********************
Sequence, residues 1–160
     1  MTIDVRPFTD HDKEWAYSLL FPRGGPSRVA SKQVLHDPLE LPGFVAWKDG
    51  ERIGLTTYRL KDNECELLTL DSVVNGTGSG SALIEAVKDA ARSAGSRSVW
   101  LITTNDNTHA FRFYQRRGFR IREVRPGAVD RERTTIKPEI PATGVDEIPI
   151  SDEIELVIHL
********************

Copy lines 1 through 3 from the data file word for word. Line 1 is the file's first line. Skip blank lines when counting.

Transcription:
Sequence, residues 1–160
     1  MTIDVRPFTD HDKEWAYSLL FPRGGPSRVA SKQVLHDPLE LPGFVAWKDG
    51  ERIGLTTYRL KDNECELLTL DSVVNGTGSG SALIEAVKDA ARSAGSRSVW